7th August 2019
The Mighty Comeback of Print Catalogues
by Alessandro Favaro
Print catalogues are back.
Over the last twenty years, with the growth of the Internet and of digital means of accessing information, sales catalogues fell out of favour. Cutting down on the printing of catalogues was seen as a way to allocate funds to other, often digital, marketing touchpoints.
However, the trend towards the full digitalisation of sales catalogues recently started to decline. This is due to several factors, including the fact that customers tend to still appreciate more browsing print material than the Internet. This preference might be caused by the tactile and olfactory experiences involved when browsing through paper sheets.
Furthermore, catalogues can often be complementary to a digital browsing experience. They can easily become its starting point; for example, customers may find themselves browsing through the pages of a print catalogue, individuating a potential item to buy — and eventually buying it online.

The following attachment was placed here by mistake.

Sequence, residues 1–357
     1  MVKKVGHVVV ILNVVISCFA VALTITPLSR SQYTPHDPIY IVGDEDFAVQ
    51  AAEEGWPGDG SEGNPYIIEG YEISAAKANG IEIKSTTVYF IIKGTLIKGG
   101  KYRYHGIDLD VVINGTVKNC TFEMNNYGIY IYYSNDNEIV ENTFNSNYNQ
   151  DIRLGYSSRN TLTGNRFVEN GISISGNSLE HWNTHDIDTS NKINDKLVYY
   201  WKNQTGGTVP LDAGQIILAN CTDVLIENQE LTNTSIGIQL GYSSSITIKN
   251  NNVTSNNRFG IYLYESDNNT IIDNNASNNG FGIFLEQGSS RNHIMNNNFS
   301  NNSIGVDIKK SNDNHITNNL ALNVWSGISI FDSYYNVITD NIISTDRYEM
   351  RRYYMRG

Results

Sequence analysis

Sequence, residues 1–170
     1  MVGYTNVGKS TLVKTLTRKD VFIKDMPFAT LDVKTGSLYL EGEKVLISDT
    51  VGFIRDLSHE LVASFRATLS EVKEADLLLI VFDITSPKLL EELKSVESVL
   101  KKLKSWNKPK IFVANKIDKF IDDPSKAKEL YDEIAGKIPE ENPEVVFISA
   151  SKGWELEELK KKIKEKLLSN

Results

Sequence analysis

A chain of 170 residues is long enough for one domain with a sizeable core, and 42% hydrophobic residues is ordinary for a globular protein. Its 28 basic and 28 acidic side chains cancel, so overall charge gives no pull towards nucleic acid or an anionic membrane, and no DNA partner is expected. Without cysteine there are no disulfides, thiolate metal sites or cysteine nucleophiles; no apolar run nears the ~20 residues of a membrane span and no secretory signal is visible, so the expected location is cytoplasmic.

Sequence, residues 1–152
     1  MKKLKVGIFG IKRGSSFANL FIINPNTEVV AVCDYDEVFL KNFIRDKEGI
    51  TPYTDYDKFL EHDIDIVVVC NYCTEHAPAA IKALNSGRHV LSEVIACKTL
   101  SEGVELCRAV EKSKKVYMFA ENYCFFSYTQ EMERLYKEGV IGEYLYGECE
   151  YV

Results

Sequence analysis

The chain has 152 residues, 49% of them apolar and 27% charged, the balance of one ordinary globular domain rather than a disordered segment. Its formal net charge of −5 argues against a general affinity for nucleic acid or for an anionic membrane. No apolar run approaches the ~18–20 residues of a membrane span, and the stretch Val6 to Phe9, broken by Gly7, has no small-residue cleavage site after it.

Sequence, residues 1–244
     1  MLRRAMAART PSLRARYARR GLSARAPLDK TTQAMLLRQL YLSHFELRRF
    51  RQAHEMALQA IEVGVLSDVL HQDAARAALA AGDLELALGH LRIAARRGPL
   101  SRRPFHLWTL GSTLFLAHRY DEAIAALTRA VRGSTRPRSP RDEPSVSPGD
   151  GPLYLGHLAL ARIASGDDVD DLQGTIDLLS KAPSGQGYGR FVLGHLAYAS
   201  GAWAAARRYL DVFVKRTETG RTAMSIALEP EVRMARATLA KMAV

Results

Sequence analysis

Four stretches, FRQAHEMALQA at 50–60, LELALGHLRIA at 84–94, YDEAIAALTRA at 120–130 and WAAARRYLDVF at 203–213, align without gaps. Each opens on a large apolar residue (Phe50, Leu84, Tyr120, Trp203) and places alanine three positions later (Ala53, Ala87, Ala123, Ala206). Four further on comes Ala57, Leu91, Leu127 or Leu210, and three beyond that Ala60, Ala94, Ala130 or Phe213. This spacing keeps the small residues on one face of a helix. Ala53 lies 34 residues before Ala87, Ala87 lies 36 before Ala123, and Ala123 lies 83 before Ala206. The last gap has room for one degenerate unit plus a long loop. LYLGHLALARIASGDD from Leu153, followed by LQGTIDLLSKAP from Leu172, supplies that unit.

Printing quality and paper finishes, such as embossing, can also be a way to entice potential customers. The way a sales catalogue is stitched together or folder, its paper stock and its embroideries can all leave a mark on customers, helping them remember the brand in ways that would not be possible with the Internet only.
Companies like IKEA, Marks & Spencer, and John Lewis have been enhancing the length and quality of their catalogues. Others that had fully stopped publishing catalogues are now restarting their distribution.
Despite the rise of digital and social media marketing, print sales collateral is once again key in reaching customers effectively — and will likely remain so.